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Effective, Efficient Professors:

Adjusting to a New Environment


Phil Wankat
ChE & ENE, Purdue University
Rowan University, October 2014
Effectiveness and Efficiency
Effectiveness Doing the right thing and
accomplishing the task. Examples:
Doing research that will have impact
Teaching that impacts students.
Efficiency Doing tasks well in a minimum amount
of time. Examples:
Preparation for lecture use 80-20 rule.
Writing research papers.

Some tasks (e.g., working with people) do not lend


themselves to efficiency.
Clarify Your Vision
Decide what goals are important to you
Being promoted & achieving tenure
Advancing disciplinary knowledge
Becoming famous
Starting a company
Becoming comfortable or rich
Significant other
Family: When to have a baby?
Running marathon, golf, fishing, reading
Other
Need to prioritize and balance
Promotion & Tenure (P&T) Tips
Obtain & study the written rules
Understand the procedure and timing
Discuss unwritten requirements with
knowledgeable professors
Preferably both inside & outside department
Understand impact & potential
Filter & triangulate advice
Develop goals to satisfy P&T committees
Be Flexible the target is moving
Spend time every week on these goals
Develop a positive means of handling stress.
P & T Requirements in Engineering
& Science at Research Universities

Research, Teaching & Service

Money! At least enough to support research


Quality Publications, good journals. Goal: Impact!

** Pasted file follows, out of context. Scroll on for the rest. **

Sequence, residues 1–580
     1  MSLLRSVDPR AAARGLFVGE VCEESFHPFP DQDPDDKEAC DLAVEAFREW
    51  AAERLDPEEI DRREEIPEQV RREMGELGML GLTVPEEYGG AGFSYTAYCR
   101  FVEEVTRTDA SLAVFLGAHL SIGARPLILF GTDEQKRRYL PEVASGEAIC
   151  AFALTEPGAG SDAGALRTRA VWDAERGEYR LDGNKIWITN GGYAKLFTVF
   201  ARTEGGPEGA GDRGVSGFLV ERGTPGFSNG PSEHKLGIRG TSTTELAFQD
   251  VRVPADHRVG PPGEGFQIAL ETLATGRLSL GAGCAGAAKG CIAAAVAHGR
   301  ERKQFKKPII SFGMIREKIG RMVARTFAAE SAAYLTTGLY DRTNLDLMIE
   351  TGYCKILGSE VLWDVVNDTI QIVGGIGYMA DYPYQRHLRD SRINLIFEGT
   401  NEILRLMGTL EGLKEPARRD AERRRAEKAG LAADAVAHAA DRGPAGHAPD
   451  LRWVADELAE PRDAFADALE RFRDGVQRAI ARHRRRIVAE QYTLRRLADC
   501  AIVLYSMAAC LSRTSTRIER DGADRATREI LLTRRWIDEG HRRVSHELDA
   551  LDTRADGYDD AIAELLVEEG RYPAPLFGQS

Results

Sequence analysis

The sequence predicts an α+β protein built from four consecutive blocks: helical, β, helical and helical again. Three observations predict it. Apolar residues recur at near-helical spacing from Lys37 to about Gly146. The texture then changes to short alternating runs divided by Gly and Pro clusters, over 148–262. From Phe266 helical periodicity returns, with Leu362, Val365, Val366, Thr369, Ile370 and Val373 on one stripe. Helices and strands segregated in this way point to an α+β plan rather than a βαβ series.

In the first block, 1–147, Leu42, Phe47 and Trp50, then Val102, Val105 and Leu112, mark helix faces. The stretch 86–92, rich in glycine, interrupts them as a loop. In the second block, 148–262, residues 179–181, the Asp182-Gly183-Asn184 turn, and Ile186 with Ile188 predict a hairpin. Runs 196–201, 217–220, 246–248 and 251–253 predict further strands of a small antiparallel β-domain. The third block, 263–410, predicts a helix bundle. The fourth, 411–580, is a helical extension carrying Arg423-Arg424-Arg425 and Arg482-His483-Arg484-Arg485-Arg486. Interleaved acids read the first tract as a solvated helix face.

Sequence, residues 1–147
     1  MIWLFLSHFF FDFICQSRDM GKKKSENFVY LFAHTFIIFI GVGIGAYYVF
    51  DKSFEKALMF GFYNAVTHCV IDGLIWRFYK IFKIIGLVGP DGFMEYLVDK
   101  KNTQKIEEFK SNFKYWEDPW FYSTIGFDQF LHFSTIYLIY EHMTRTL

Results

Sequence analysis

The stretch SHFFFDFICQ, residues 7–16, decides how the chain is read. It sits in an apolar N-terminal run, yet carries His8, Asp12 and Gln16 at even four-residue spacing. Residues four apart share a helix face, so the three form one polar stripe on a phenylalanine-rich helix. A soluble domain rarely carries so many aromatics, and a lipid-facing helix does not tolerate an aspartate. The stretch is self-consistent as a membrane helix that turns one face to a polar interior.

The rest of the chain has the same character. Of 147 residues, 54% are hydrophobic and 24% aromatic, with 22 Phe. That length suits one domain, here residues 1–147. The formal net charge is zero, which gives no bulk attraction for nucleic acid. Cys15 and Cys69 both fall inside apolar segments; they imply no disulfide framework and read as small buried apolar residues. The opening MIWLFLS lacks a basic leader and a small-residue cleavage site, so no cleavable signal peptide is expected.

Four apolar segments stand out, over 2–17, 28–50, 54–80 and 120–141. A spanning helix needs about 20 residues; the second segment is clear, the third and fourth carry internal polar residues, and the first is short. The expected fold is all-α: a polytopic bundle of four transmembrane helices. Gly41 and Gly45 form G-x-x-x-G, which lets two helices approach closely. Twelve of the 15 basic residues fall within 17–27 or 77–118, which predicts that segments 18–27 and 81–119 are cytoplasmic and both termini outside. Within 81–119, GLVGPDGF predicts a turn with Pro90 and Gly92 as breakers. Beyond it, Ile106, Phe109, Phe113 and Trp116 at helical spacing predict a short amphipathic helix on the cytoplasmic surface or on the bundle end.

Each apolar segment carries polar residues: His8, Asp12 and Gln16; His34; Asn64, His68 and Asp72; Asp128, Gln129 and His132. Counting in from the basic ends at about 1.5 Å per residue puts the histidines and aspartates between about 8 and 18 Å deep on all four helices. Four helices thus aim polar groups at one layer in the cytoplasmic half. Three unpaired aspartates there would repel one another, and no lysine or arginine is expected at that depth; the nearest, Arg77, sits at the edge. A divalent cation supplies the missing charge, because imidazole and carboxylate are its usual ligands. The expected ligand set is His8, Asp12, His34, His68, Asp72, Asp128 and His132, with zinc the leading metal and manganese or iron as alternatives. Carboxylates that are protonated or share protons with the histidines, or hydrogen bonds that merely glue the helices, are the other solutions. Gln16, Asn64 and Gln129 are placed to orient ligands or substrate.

Develop a national reputation
Ph.D. graduate(s)
Good enough teaching (great helps on margin)
Collegial and service (may include advising)
Purdue P&T Procedures
Discovery, Application, Teaching & Learning (T&L),
Integration, & Engagement Scholarships
Discovery (aka research) counts most. In Dept. Engineering
Education (ENE) rigorous engineering education research
(REER) counts equally, e.g., JEE
In most engineering departments discovery counts more
than engineering application research. Patents are applic.
Integration (textbooks & critical review) count as 1
publication; however, if you also do research & book is
successful, they count for promotion to full professor.
Every dept. has a pecking order of technical journals, which
is distributed to faculty.
The h-index, which only works for tech rsch, is looked at,
particularly for promotion to full.
Purdue P&T Procedures 2
Classroom educ. research (T&L) is lumped with teaching.
Engagement (societal benefit & scholarship) is service.
Unofficial Rule: Promotion to assoc. is done year 6.
Officially, Purdue compares research funding to what
is needed for research program. Unofficially, more
money is always better
Funding dollars have different weight.
NSF & NIH preferred to industry
When Dept. Freshman Engineering converted to
ENE, assist. profs. went through P&T based on what
they were originally hired to do (teach). For full
professor, meet same requirements as other depts.
Time and Stress
Never enough time leads to stress.
Need time & stress management
Set Goals & Prioritize Use To-Do list. Include:
goals for others (e.g., adviser) & your own work goals
high-priority non-work items
Delegate work
Give clear assignments & responsibility for details
Check on progress and provide feedback
Give credit
Learn to say no pleasantly
Maximum productivity: about 55 hours work/week.
Coping START

Is there a
NO problem in YES
your life?

Can you do
NO something YES
about it?

Don t Do something
about it
Worry
Retaining Your Sanity
Reserve time for yourself & your family.
Work at most 6 days/week on regular basis
Spend time with family daily
On trips, call home every day
Take short vacations.
Need flow activity - golf, cooking, running etc.
Stress points: 1. Uncertainty Rowan rules
2. Balancing work & family
All studies: balancing harder for women.
Research Universities: Role of
Professors in Research
Research with graduate students is different.
Become a manager
Multiple projects & students
Funding
Recruiting
Long-term vision
Usually, little time to do research oneself
Role of Research Advisor
Develop research ideas: want impact and doable in
time available
Fund the research: